EDMONTON -- COVID-19 cases are continuing to rise in Alberta but the province’s top doctor says it’s still safe to celebrate Halloween.

Dr. Deena Hinshaw said trick-or-treating can be done safely but advised against large gatherings.

“This is not the year to have a large costume party with many people gathered indoors eating and drinking together,” Hinshaw said on Oct. 20.

Alberta reported 477 new cases of COVID-19 on Oct. 29. There were 130 Albertans in hospital, a pandemic high, including 18 in intensive care.

Edmonton and Calgary have the majority of cases and are under mandatory restrictions on social gatherings to help curb the spread.

Anyone who is feeling ill should skip the festivities, even if their symptoms are mild.

Here are some ways to celebrate Halloween this year:


Hinshaw said trick-or-treating is safe because it is an outdoor activity but recommends that families head out in small groups and stay within their cohorts.

People should wash and sanitize their hands often, avoid touching doorbells or railings and choose a costume that has room for a non-medical mask.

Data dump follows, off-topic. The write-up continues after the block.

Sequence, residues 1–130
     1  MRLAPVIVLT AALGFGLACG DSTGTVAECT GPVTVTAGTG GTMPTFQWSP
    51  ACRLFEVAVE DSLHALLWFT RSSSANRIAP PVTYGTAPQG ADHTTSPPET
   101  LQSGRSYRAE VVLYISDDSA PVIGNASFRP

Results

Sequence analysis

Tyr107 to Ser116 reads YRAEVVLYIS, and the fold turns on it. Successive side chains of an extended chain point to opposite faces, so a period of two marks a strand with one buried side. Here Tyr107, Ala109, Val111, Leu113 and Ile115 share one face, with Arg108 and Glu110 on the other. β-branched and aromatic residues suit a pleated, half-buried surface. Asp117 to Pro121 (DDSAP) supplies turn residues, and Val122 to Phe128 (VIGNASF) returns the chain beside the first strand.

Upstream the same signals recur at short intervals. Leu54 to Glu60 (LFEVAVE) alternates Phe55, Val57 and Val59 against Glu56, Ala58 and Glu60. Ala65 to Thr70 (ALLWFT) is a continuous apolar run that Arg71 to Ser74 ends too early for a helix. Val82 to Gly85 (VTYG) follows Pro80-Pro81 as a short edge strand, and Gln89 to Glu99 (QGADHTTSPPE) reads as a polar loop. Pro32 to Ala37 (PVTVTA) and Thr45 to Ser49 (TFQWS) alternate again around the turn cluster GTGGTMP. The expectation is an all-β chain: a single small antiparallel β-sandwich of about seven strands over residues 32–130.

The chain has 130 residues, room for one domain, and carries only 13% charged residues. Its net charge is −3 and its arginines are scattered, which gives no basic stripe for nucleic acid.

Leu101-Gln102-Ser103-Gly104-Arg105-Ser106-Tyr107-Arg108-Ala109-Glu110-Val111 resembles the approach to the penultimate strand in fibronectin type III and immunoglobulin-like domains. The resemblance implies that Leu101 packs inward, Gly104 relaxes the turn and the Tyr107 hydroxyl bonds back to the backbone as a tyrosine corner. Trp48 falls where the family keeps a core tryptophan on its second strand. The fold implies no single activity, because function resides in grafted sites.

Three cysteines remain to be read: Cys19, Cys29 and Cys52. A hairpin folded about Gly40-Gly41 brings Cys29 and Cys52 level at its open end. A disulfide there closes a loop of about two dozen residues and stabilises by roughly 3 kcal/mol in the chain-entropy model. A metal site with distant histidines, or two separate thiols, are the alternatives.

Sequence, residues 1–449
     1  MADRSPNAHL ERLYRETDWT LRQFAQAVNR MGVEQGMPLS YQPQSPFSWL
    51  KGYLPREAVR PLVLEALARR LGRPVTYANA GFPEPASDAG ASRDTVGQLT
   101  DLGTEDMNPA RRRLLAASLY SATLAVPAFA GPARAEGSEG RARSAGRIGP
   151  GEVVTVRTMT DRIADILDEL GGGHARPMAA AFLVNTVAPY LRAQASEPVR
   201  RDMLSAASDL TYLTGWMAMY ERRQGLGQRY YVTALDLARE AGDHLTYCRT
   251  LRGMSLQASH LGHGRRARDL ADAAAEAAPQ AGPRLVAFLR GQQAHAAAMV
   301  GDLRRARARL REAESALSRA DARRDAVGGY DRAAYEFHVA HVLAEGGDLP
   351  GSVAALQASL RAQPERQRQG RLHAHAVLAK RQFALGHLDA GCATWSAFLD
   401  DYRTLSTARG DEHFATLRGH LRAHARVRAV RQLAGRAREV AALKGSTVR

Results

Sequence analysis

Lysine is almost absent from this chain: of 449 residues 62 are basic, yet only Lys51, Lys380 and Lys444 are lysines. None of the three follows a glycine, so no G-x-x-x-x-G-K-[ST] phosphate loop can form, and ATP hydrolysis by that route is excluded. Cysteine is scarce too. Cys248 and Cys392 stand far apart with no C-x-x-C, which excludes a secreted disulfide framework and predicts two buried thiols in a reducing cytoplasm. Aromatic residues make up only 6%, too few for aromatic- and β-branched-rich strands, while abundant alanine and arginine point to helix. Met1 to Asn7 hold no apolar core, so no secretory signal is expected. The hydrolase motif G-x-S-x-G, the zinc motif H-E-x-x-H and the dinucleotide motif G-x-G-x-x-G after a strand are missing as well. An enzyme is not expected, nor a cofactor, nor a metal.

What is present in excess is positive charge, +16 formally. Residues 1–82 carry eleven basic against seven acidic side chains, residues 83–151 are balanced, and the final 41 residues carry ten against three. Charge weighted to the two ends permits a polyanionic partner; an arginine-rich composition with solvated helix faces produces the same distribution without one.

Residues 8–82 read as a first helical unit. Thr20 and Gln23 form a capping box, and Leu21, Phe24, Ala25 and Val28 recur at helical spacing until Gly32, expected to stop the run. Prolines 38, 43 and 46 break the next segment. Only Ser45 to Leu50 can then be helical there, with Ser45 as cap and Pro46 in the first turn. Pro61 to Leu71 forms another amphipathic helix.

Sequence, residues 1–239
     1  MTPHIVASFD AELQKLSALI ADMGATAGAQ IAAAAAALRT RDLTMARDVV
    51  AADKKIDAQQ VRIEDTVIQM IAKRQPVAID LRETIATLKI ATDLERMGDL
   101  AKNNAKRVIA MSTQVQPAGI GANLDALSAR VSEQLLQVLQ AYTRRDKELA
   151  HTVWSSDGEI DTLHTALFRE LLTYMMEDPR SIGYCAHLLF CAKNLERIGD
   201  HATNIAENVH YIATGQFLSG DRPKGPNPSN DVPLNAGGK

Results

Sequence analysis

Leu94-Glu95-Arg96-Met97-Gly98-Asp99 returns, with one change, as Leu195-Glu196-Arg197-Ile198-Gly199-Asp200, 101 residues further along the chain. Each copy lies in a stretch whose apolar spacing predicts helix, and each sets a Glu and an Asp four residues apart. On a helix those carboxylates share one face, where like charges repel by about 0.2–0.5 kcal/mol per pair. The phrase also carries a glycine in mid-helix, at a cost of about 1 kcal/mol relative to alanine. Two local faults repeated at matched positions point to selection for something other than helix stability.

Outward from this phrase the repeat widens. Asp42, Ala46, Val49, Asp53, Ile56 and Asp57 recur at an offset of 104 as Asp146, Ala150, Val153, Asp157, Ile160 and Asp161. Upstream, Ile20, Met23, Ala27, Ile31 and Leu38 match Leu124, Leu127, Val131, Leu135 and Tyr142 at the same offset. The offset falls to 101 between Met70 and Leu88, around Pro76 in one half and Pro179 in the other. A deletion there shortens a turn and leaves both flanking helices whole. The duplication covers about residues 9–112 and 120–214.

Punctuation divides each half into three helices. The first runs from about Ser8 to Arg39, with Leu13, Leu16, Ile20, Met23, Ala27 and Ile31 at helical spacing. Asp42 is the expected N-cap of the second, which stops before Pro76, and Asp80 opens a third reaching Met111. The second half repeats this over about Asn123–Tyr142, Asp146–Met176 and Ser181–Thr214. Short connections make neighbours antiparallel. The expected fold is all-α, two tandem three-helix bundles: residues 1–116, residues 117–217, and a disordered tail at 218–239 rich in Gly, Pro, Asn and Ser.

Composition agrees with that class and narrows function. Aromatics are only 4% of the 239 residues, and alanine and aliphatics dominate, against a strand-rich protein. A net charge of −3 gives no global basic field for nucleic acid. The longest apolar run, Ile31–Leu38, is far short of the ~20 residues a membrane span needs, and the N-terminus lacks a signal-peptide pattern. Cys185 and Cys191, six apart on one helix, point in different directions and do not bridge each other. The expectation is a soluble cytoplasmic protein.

Households that decide to hand out candy are asked to wear non-medical masks and to maintain physical distance from trick-or-treaters by using tongs, making candy bags and leaving them on a table or blanket or by building a touchless delivery method like a candy slide.

All candy packages should be disinfected before enjoying any treats.



Deadmonton is back for 2020 with two new haunted houses. The annual horror-filled Edmonton favourite is open every weekend until Friday, Nov. 13.

COVID-19 protocols include online ticket sales instead of walk-ups, longer gaps between groups entering the haunted house and face masks for guests and performers.

Spruce Ridge Scare

An annual amateur haunted house in Spruce Grove is giving people a good scare for a great cause.

Spruce Ridge Scare is built by a local family and volunteers, who devote around 600 hours to build the project.

Admission is $5 or a donation to the Parkland Food Bank. They hope to collect 800 pounds of food this year.

Masks and hand sanitizer are available and the lineup is spaced out to allow for physical distancing.

Pumpkin Patch Parade

Kids in Sherwood Park can show off their costumes and get some Halloween treats in the first ever Pumpkin Patch parade.

The afternoon event is meant to be a safe community event, keeping the spirit of the spooky season while also ensuring COVID-19 precautions are maintained.

The parade runs from 3 p.m. to 5 p.m. on Oct. 31.


If you’d rather get your scare at home, a movie night might be the perfect way to celebrate Halloween.

Guy Lavallee, the Movie Guy, recommends The Autopsy of Jane Doe, The Mortuary Collection and Host, a film created entirely during the pandemic.

Or revisit one of your favourite Halloween classics to scare up some Halloween spirit.